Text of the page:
A: First, let’s get this straight in our mind: designers and developers should always work side by side. They must be in touch throughout the project, discussing design solutions, implementation methods, technical restraints, and everything in between. But it doesn’t matter whether they are from one company or not. For example, an independent design agency might create a design and then hand it to the client’s development team or another agency that does development. This approach works just fine. 

K: That’s what I usually say to those who are about to redesign or design their products from scratch. If both designers and developers have a knack for what they’re doing and coordinate their efforts, there shouldn’t be any problems. 

A: And the project manager’s role is quite important here. They should make it clear that miscommunications lead to cost and production problems, so they have to be reduced to zero. 

K: Right, both sides must be interested in effective collaboration. Still, the project manager is the one who cultivates this delicate balance between designers and developers to come up with both user-centric and technologically savvy products.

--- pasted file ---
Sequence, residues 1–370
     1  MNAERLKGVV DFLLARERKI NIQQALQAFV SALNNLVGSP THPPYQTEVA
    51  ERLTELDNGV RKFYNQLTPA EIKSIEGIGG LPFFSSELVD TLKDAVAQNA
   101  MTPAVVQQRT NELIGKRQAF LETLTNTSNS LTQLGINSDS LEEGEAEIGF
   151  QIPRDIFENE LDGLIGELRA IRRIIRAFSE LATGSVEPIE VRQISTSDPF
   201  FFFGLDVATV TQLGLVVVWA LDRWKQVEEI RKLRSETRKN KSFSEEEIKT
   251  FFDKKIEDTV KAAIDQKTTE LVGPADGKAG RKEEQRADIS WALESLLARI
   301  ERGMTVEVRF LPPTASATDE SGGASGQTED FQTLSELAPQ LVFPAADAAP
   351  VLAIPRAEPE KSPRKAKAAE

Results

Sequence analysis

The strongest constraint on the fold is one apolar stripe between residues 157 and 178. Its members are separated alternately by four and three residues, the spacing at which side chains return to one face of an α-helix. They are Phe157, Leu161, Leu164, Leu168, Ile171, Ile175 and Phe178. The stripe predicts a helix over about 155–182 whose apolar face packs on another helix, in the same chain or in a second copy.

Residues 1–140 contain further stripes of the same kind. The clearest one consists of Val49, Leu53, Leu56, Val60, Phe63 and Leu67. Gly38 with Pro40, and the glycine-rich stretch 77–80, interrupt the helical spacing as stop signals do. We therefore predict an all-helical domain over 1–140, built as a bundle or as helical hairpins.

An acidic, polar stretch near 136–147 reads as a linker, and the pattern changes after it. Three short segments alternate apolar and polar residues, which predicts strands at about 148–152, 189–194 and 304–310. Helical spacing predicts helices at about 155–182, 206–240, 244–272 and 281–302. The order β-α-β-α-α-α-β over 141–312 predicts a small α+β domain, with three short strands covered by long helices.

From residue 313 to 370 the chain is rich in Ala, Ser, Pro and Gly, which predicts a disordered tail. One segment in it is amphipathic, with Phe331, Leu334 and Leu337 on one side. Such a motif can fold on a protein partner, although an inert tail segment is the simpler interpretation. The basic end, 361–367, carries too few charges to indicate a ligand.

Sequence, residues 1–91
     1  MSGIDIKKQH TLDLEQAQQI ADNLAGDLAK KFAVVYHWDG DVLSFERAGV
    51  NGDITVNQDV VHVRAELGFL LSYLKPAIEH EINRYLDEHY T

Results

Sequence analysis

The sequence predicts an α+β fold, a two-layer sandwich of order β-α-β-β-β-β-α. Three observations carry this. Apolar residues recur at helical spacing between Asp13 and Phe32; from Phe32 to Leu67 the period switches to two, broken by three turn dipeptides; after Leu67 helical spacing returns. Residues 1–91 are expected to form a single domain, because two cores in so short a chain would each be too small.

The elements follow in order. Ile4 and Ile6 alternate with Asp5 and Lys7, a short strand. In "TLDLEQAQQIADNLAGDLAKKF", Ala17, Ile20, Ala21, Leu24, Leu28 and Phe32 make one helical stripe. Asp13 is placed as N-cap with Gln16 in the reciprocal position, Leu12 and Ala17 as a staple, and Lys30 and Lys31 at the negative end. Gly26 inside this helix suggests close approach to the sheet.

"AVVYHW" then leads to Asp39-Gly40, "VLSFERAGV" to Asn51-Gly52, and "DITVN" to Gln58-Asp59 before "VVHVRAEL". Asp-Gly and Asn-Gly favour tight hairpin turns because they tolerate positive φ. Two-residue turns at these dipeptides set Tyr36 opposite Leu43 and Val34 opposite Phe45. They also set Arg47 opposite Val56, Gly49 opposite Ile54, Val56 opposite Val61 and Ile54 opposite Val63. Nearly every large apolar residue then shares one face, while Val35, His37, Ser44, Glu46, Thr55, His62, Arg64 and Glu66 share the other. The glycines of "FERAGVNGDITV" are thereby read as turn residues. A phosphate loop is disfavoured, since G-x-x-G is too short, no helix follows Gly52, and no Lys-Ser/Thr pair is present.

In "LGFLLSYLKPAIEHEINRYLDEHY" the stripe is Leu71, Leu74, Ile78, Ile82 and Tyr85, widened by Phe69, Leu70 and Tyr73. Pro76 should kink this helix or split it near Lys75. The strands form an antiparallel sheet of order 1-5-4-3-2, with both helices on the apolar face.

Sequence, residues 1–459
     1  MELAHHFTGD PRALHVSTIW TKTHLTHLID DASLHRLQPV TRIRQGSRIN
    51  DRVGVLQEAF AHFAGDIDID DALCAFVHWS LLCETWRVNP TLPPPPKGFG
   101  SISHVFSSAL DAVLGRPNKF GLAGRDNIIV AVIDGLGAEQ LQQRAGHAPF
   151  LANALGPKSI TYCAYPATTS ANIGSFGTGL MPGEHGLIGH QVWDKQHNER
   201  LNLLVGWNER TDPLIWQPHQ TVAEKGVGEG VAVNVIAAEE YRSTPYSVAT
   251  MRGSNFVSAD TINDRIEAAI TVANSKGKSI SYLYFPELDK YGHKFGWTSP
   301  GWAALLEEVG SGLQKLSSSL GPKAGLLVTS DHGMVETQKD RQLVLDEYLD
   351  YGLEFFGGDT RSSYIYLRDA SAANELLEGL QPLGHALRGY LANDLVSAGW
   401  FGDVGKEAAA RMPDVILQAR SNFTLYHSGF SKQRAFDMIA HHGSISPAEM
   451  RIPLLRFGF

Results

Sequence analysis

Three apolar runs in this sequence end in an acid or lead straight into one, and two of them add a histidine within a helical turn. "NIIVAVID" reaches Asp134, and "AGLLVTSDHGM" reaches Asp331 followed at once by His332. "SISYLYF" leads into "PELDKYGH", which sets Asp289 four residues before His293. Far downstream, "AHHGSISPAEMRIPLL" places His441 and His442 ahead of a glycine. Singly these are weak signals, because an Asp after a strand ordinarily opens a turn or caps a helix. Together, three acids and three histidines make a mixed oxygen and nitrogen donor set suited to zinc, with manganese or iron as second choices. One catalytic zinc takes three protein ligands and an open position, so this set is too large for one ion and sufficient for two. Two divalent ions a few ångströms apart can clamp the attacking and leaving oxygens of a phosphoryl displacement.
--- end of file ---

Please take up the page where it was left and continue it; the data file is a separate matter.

Design principles to keep in mind

A graphic displaying three distinct fonts

K: Let’s cut to the chase and discuss more specific things that should be considered when working on a project. What exactly should designers keep in mind to help the development phase to be as smooth as possible? 

A: A myriad of things. For example, fonts. Sometimes designers use fonts without first checking if they’re paid or not. They might apply a free version forgetting that it may be a bit different from the paid one in line height, for example. So I recommend purchasing the font right off the bat and using it when working on the design and for development. 

When handing the project to the development team, designers should send the font as a link to Google Fonts or an archive. Don’t send its name only. Such a thoughtless act will only lay up trouble for an engineer who will waste time seeking and downloading the font. And let's not exclude the possibility that on the Internet they may bump into a different version of the required font, which will only impose chaos to the project.